You might wonder why there is no gallery for Granada. It’s not a simple story, nor a sad one; just the inevitable detours of travel. We bussed from Seville to Cordoba and, days later, across Andalusia to Granada to see what had always been for me a prime destination, the legendary Alhambra.
And it was glorious, stunning, wavering in the rising air of noon, picturesque where water showed its opulence and engineering. But it was also hot, scorching in fact, and L succumbed to sun and all but fell to the ground with heat exhaustion. I bought her a hat, relayed bottles of water, rested in the shade and forgot all about taking pictures.
Back we went to the hotel by cab. We stayed, apocryphally at least, in the hotel, perhaps the room, from which Frederico Garcia Lorca was taken and disappeared. We slept. L recovered and, as we had only one night to spend, had to choose between seeing a Lorca play in the Generalife garden, or the magnificent view of the Alhambra from the top of a hillside across from it. We chose the latter, rushing to make sunset. Cabs were hard to find; one stopped outside the hotel and the hotel staff signaled us to grab it. I left my camera in the room. Unwise on any number of levels beginning with you can’t do Granada in a day.
The view from the Mirador de San Nicolas was as gorgeous as rumored, The Alhambra burnished by sunset. To capture it fully would require a frame a minute to record each change of light. ‘Monet does the Alhambra.’ But all I could do was watch and marvel. The crowd was moderate; perhaps the heat was too much for others.
Behind us there were two celebrations going on, one with Arabic music ,and one with the sounds of a Catholic wedding. The melodies blended into the sunset, and we sat entranced and listened and looked until we realized it was after dark and, aside from the weddings of which we were no part, the hillside was empty.
Our intent was to return to Granada for dinner reservations we had made. Our reality was the absence of cabs and, as we had cabbed up as far as we could, no sense of how to walk down. We chose downhill as the prominent direction and started wandering down the winding streets, mindful that we were, according to the tourist books, to avoid the Sacramonte at night as it was not the place for tourists…thinking perhaps we were wandering in the Albaicin, but, in fact, not really knowing where we were..
I have no idea if we wandered in or not, but I do know we came around a curve and the street opened onto a communal square that was decidedly untouristy. Three guitarists sat on a bench playing. People were laughing, glasses were clinking, bottles were raised. A big table stood in front of us and in the conviviality of the moment we paused and eyed each other the question, should we sit?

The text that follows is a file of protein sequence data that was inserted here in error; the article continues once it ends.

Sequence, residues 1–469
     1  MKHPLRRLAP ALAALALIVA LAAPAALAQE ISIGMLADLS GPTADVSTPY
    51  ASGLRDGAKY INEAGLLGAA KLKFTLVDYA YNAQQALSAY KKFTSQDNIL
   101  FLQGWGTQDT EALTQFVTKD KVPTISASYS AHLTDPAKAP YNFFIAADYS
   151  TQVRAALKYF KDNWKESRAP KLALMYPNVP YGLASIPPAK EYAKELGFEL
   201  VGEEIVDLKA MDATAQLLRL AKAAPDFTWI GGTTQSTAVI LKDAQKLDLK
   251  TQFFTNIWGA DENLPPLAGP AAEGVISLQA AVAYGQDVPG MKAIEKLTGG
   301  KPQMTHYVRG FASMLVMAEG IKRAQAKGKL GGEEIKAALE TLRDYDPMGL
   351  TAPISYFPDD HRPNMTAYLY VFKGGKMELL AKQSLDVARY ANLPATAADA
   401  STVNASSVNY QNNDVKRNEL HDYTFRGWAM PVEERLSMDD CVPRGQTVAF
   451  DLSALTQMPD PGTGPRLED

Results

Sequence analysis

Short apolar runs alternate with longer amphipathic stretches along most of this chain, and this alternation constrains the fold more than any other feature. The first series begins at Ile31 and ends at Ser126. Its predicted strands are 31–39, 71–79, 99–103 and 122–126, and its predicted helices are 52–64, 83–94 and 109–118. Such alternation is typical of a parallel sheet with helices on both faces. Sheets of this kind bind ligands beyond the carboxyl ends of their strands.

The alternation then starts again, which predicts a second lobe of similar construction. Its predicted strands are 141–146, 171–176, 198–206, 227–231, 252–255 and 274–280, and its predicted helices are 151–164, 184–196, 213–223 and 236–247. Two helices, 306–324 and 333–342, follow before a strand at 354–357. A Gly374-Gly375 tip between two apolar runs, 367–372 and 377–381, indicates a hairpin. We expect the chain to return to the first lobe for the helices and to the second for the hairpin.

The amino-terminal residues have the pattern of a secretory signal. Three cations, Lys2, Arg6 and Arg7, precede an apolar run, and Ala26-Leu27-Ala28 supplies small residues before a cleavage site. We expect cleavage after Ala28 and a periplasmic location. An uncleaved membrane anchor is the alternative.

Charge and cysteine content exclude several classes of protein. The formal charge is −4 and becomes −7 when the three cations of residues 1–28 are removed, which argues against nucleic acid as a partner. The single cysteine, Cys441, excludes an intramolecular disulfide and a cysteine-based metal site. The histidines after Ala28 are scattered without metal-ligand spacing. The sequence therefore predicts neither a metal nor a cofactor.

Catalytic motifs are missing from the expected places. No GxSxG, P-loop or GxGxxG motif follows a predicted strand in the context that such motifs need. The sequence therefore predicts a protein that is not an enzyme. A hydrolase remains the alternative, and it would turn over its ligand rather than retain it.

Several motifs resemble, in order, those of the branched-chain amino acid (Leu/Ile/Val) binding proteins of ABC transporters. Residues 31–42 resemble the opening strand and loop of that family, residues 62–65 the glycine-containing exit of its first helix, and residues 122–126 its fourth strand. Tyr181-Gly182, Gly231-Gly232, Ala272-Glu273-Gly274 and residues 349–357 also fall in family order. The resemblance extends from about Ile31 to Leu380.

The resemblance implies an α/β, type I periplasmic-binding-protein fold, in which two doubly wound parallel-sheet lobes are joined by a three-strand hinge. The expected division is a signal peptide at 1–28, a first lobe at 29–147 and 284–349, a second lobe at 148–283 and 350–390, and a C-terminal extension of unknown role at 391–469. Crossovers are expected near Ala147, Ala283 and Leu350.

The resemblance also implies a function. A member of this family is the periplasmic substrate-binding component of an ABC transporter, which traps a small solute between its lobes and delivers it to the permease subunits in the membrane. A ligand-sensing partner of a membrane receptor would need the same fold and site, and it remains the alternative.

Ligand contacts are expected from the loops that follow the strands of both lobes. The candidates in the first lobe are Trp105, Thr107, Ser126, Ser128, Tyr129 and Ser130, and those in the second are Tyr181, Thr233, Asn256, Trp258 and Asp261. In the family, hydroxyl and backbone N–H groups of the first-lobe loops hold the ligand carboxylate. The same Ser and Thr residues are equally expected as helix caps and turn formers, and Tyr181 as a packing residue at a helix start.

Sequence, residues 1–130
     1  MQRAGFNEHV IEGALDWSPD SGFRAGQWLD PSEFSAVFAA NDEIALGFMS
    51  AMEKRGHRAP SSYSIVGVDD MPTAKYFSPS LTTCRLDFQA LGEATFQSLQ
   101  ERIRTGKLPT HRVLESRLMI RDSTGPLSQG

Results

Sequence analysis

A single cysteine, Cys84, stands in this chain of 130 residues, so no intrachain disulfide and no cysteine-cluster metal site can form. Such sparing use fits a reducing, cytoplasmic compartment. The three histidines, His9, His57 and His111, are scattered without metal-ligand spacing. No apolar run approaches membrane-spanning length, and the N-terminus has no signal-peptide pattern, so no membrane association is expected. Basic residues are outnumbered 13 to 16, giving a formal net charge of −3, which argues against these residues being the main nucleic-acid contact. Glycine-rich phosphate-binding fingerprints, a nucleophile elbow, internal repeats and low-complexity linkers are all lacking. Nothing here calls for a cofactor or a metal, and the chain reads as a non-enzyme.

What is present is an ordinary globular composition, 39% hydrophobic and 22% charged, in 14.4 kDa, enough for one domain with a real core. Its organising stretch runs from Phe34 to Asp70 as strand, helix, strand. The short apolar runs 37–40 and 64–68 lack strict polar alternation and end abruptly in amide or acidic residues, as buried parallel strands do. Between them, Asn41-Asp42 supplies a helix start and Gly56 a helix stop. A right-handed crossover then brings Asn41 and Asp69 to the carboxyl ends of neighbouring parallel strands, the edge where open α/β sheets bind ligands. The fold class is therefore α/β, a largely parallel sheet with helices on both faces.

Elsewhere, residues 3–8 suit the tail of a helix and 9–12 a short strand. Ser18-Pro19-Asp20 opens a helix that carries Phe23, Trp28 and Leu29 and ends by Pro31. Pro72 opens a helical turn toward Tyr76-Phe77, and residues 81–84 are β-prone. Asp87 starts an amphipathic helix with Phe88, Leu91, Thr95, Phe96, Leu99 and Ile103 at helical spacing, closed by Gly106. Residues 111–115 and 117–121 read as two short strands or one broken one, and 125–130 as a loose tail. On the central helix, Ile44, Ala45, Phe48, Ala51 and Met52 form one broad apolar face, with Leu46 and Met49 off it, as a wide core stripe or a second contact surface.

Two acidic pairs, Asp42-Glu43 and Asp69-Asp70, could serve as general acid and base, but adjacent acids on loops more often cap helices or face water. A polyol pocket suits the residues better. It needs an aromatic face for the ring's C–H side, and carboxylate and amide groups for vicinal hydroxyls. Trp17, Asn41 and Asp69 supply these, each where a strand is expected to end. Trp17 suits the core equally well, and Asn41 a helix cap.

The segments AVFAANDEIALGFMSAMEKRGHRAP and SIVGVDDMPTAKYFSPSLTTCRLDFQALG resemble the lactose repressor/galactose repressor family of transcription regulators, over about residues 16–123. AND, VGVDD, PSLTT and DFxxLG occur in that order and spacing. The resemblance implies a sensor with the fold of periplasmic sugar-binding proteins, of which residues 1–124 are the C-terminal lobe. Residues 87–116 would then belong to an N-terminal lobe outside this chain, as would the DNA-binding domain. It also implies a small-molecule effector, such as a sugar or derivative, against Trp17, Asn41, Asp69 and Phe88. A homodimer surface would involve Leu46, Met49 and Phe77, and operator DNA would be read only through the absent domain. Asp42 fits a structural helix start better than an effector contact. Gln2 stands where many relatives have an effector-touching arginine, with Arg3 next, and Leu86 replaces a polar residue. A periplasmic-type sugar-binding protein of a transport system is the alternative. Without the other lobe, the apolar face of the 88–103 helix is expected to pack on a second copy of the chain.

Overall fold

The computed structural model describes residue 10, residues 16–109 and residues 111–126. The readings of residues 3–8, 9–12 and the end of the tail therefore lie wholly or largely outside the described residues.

The matter was decided for us by a large, smiling woman who in a combination of Spanish, English and pantomime bade us to sit. She was, I think, the matriarch of the square, and her greeting was friendly and genuine. Sit and we sat. Eat? and we happily said yes. In place of a menu, she said Paella, and we nodded fine.
She gestured to a small man who sat in a rocking chair by a white building through the window of which we saw a rough kitchen. He was slight and bald and, for no reason except their body language, I saw them as a couple. He went into the kitchen, pulled down an enormous Paella pan and began to tempt us with smells of wonderful food.
Cerveza appeared on the table, a guitarist came over, played and declined a tip. We were part of the square and had somehow passed a test that let us be unobtrusive. The paella was, simply, extraordinary, and to this day, despite New York, Chicago, Madrid, the best we’ve had.
Fate was kind thereafter. After much laughter figuring out the embarrassingly reasonable bill, they pointed us back down the hill where we were to walk for an undetermined amount of time. Two curves later, an empty cab appeared. The ride back to the hotel cost more than the meal.
The night was real and unforgettable, a highlight of months in Spain, and I’ve always wondered if the experience would have been the same if I’d been toting a camera rig.
I love what light and lens can do, but they do in some way make the photographer an outsider. I’m glad that night in Granada, I was not.
There are no pictures from that trip to Granada except in my head and, much as I feel guilty for leaving The Alhambra without even one, I couldn’t be happier about it.